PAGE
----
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August 20th, 2020

Return to School during COVID-19

Child Therapy

How to ease heightened tensions for this upcoming school year.

By Shannon Burton, MSW RSW, Registered Paediatric Social Worker

When considering the Pandemic outbreak in early 2020, school may not be the same for awhile. Parents and educators are wrestling with enormous questions regarding the 2020-2021 school year. What will it look like when children return to school during COVID-19? How will kids be with the new school rules? What will it mean for family time? What would a hybrid model look like? School is still a few weeks away, but it is never too early to begin to think about what the Fall will look like.

Despite these looming questions, there’s a lot we can do to boost our children’s feelings of confidence and security as they head into a year of uncertainty. When we take time to talk about and practice the “little things”. Such as routines and skills that support emotional, physical, social and academic growth. If we focus on these “little things” now, it will make a big difference in our child’s life, regardless of what school looks like for your family. 

Many parents and kids look forward to back-to-school. There definitely is some excitement in the air. For others, it’s a time of dread. But whether or not back-to-school time is a time of positive or negative feelings, it’s always at least a bit stressful. The stress and anxiety of starting a new school year can be overwhelming for many children and teens.  For most kids the new-school-year worries will fade and the anxious behaviors will be transient. Parents, too, can feel conflicted about the start of a new school year, especially during these uncertain times. The goal for parents is to be supportive without exacerbating your child’s worries.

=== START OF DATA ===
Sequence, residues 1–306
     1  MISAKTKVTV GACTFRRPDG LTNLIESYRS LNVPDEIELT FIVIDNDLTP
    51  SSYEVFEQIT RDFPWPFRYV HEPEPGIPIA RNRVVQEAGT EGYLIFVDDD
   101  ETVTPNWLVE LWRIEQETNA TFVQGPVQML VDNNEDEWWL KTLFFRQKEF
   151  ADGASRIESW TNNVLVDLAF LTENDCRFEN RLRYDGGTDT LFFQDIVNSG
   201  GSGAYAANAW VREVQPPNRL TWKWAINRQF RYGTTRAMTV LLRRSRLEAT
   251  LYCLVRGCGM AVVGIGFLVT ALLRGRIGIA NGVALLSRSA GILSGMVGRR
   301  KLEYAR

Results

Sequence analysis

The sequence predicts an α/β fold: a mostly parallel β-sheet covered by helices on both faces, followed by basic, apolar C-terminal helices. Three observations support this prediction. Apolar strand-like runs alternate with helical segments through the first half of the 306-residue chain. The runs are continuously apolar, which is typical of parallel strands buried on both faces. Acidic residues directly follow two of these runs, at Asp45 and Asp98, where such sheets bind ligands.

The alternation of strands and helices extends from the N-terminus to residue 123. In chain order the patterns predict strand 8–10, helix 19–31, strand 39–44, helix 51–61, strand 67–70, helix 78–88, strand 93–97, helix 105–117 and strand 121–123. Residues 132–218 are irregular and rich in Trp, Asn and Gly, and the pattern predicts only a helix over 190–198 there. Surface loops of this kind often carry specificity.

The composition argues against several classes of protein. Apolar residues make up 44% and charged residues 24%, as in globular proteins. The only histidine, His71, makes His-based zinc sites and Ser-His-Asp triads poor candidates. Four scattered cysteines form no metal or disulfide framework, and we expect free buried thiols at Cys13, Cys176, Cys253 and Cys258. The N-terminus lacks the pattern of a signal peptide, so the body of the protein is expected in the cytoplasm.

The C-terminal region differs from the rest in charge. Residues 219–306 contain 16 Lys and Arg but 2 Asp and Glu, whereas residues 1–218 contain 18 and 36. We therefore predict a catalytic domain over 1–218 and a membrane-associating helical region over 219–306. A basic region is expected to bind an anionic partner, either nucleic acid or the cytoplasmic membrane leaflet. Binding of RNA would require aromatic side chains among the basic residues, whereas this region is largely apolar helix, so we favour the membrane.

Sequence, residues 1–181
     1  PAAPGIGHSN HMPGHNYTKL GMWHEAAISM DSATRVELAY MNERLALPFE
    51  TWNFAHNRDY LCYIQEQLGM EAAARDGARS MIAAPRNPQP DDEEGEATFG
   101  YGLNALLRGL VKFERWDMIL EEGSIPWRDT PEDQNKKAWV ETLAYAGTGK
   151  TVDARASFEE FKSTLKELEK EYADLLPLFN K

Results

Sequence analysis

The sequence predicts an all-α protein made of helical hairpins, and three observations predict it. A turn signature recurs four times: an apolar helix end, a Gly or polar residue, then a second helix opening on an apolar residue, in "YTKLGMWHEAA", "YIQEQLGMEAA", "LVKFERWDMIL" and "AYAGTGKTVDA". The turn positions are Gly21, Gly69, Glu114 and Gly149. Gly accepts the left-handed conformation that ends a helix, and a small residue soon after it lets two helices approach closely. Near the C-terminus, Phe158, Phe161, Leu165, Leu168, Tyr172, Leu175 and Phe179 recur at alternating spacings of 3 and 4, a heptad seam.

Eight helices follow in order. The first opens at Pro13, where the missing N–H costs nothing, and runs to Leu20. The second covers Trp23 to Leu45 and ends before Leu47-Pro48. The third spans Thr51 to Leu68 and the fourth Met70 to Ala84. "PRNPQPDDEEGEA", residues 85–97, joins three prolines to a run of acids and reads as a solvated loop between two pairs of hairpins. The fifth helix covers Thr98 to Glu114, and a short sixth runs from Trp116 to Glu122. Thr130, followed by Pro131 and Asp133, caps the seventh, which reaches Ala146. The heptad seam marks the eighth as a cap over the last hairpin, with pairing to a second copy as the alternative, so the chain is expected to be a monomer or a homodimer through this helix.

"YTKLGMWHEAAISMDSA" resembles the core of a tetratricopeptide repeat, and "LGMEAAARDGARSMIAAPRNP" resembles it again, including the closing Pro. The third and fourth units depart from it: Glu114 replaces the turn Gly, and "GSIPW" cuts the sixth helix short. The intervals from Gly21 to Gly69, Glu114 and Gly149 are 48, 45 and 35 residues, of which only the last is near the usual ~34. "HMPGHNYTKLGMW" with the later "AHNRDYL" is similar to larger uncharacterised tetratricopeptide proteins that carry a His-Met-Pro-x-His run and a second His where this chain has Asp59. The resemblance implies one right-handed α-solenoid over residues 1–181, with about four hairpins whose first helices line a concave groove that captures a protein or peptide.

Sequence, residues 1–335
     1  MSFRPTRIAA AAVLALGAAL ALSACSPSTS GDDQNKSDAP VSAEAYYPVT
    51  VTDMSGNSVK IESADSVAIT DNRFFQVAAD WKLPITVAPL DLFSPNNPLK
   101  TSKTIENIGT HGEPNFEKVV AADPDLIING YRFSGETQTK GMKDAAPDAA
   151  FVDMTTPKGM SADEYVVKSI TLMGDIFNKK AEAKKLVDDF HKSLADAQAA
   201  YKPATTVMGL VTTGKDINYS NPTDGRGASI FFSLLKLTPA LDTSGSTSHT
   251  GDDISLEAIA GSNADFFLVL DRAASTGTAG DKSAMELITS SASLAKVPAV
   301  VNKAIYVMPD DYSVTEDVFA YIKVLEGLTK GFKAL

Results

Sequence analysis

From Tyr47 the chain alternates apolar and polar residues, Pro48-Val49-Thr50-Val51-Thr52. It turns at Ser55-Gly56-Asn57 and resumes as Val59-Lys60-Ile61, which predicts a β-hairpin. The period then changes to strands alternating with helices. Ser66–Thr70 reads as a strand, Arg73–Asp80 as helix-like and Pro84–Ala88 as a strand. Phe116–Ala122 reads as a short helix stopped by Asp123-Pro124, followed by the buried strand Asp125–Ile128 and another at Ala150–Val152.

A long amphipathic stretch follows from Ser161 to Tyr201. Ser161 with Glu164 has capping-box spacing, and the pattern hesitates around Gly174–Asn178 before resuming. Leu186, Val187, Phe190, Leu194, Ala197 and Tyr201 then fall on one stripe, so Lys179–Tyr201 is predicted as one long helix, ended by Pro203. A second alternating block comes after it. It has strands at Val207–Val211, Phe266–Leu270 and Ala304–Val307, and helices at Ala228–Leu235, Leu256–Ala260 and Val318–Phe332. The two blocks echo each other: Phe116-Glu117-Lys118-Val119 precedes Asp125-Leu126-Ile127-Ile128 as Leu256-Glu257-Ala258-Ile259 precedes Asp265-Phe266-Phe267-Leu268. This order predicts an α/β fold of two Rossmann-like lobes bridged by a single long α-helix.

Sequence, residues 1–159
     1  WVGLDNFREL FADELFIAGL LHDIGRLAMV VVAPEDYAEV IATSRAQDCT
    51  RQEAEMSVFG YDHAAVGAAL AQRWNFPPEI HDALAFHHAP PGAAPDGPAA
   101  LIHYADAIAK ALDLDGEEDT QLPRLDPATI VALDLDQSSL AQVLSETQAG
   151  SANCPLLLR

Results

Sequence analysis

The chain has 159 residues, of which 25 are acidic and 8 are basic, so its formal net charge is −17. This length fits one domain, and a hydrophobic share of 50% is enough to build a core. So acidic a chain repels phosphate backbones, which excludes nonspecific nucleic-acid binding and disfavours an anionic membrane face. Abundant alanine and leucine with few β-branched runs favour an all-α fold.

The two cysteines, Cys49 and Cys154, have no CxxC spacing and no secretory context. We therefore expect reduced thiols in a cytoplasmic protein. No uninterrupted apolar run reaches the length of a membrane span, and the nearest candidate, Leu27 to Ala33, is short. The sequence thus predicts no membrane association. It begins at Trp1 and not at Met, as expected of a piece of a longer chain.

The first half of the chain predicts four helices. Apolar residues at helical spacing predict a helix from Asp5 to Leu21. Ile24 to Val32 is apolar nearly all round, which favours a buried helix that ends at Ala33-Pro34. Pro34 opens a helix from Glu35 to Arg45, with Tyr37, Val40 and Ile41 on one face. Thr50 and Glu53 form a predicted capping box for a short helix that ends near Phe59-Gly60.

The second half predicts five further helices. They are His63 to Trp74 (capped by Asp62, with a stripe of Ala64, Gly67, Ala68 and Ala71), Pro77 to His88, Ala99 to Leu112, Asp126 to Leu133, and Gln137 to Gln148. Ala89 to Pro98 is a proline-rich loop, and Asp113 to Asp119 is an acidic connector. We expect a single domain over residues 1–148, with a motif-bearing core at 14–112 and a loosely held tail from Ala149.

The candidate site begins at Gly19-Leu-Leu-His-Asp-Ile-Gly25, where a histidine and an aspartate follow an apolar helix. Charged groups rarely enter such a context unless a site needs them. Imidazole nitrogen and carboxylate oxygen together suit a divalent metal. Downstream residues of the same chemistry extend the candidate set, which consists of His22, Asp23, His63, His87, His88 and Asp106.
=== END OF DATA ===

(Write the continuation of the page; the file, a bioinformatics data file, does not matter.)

Tips for helping nervous kids have a successful transition back to school.

Preparation is important, but so is remembering that things will go wrong (or at least not the way we want them to go). The best defence is often flexibility and acceptance.

  • 1. Talk to your child
    Asking your children about their fears or worries about going back to school will help them share their burden. Inquire as to what they liked about their previous school or grade and see how those positives can be incorporated into their new experience.
  • 2. Empathize with your children
    Change can be difficult, but also exciting. Let your children know that you are aware of what they’re going through and that you will be there to help them in the process. Nerves are normal, but highlight that not everything that is different is necessarily bad. It is important to encourage your children to face their fears instead of falling into the trap of encouraging avoidance.
  • 3. Practice the first day of school routine
    Getting into a sleep routine before the first week of school will aid in easing the shock of waking up early. One to two weeks before commence organizing things at home. Having their backpack, binder, lunchbox, and putting out clothes the night before – will help make the first morning go smoothly. Also, visualizing walking through the building and visiting their locker and classroom will help ease anxiety of the unknown. 
  • 4. Connect with kids and families
    Familiar peers during school transitions have been proven to be helpful with academic and emotional adjustment in children. Try and set up a playdate, or, for an older child, find out where neighborhood kids might go to safely hang out, like the community pool, recreation center or park.
  • 5. Get involved and ask for help
    Knowledge of the school and the community will better equip you to understand your child’s surroundings and the transition he or she is undergoing. Meeting members of your community and school will foster support for both you and your child. If you feel the stress of the school year is too much for you and your child to handle on your own, seeking expert advice from a mental health professional, such as a registered social worker, will help you better manage and cope.

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